Contest in the Congo: Central Africa’s Shot at Sustainable Development

By James Deutsch

As some 30 million votes are counted in the wake of elections this month in the Democratic Republic of Congo (DRC), another contest is shaping up in the region between those who would build systems of fair governance and those who would ransack Central Africa for its natural resources.

These are the best of times and the worst of times in the Congo Basin. On the one hand is real progress towards democracy, better governance, and more sustainable management of the region’s vast natural resource wealth. On the other are foreign investors and their local allies bent on exploiting those resources: oil, timber, wildlife, minerals, and land.

The future of the world’s second largest and most intact tropical rainforest, as well as the 100 million people (and 100,000 elephants and 200,000 gorillas) who depend on it for their livelihoods, rests on which trend becomes dominant.

Forest Elephants at Dzanga Bai, Central African Republic, Andrea Turkalo © WCS

 

Political, economic, and environmental progress has been extraordinary in the region over the past ten years. DRC (formerly the Belgian Congo) emerged from civil war in 2006, held its first democratic election, and now votes again. Gabon staged peaceful elections two years ago after the death of its long-serving president.

The Republic of Congo (formerly French Congo) has finally moved on from communism and civil war and rebuilt its infrastructure and capital, Brazzaville (a city rated eight years ago by The Economist as the worst place to live on Earth). Cameroon, though ruled by the same president since 1982, no longer competes for Transparency International’s rating as the world’s most corrupt country.

At the same time, the area has enjoyed historic economic gains. The Gulf of Guinea will soon provide a quarter of U.S. oil imports. Some of the world’s largest veins of iron, gold, and coltan (a source of tantalum – a key component in a host of consumer electronics products) are found in the Congo. Increasing commodity prices have turbo-charged economies across the region, though wealth distribution remains highly skewed.

Western Lowland Gorilla, Julie Larsen Maher © WCS

 

Perhaps the most rapid progress, though, has been in environmental protection. All regional powers have honored their pledge to set aside 10 percent of their land as national parks. Supported by the U.S. and Europe, their environment ministers have created a regional body, COMIFAC, to drive conservation and sustainable development.

The Forest Stewardship Council (FSC) has certified many logging concessions to be ecologically responsible. DRC has cancelled crookedly awarded logging rights. Gabon, meanwhile, has halted the export of unworked logs and the flaring of natural gas while committing itself to a low-carbon development strategy.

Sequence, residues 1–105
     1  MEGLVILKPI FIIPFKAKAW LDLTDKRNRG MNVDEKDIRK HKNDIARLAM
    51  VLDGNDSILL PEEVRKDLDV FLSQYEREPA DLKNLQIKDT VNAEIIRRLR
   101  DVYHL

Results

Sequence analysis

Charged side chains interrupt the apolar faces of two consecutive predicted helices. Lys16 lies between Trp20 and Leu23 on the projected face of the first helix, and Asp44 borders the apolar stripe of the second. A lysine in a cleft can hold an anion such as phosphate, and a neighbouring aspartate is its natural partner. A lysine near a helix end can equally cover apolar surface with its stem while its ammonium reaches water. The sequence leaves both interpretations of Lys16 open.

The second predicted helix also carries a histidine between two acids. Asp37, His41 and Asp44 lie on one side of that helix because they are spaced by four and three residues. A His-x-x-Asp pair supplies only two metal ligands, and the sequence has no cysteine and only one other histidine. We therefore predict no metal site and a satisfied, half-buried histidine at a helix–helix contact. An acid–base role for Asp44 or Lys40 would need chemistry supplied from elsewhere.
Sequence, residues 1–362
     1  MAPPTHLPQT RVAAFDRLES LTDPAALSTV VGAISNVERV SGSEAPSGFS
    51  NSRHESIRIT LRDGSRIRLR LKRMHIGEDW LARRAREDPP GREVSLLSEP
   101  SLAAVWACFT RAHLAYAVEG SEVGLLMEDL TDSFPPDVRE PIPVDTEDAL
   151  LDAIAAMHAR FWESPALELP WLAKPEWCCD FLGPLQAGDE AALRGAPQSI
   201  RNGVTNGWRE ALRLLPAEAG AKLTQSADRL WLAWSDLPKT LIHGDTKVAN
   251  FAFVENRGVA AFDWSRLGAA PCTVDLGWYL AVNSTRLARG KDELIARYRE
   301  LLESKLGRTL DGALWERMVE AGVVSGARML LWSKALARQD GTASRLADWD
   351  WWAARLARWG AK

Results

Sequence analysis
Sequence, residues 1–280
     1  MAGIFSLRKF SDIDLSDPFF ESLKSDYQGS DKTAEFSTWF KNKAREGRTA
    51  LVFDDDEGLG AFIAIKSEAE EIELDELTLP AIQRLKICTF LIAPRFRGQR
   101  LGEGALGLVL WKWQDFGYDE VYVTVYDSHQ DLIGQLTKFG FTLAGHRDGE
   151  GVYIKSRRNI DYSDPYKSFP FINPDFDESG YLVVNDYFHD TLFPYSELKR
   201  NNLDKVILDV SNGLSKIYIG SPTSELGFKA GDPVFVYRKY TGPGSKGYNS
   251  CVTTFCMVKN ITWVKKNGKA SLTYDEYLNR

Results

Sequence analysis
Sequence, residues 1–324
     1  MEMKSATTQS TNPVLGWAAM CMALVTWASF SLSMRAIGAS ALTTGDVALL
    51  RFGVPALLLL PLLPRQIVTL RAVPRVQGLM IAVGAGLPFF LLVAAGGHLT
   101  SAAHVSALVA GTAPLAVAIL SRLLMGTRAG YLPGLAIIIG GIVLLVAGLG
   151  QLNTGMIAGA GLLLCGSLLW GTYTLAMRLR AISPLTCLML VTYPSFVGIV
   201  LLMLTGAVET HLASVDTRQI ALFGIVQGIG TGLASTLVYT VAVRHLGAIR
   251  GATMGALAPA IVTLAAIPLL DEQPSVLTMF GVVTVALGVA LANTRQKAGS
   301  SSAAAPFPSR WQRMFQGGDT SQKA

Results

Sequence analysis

Sadly, however, the Congo’s rich natural resources, the basis for its newfound economic growth, have set in motion the very actions that could undermine its recent environmental progress. Logging roads cut through tropical rainforests provide access to poachers as well as loggers. Ivory has hemorrhaged from the region as forest elephants (a unique species necessary for forest regeneration) have been decimated.  Multinational companies are building some of the world’s biggest iron and gold mines.  And the race to clear rainforest to plant oil palm has just begun.

Forest Elephants at Dzanga Bai, Central African Republic, Andrea Turkalo © WCS

 

In any part of the world, accelerating natural resource extraction would pose challenges for governance, the environment, and human rights.  But in a region with no tradition of transparency, democratic accountability, free markets, or income equality, this acceleration is potentially catastrophic.

If payments for natural resources pervert institutions faster than they can be built, Central Africa will follow Nigeria, Sudan, and Venezuela into a long-term corruption trap. If, on the other hand, government and civil society succeed in building mechanisms to regulate resource extraction and protect the environment and human rights, then Central Africa could follow Botswana and Brazil along a more equitable and sustainable development path.

What can we in the developed world do to nudge Central Africa in the right direction?  Two things, I think.  First, we can support the development of institutions to create transparency, accountability, and the wise management of natural resources. The U.S. Central Africa Regional Program for the Environment, currently up for renewal by Congress, is a pillar of such support. Our investment in this will be returned many times over.

Second, we can work to ensure that companies and funders such as the World Bank enforce strict codes of practice with respect to transparency, the environment, and human rights.  U.S. corporations—and those of our trading partners, including Asia—must support African governments that don’t yet have institutions to protect their people and environment.  Together we can help Africans build their economies without destroying their natural resource base.

A majority of voters in DRC are doing their part to ensure that the good guys win the contest in the Congo. As the consumers of Central Africa’s resources, we need to do ours.

James Deutsch directs the Africa Programs of the Wildlife Conservation Society, which employs over 1,000 staff across Africa. He has lived and worked as a teacher and zoologist in Kenya, Uganda, and Malawi.

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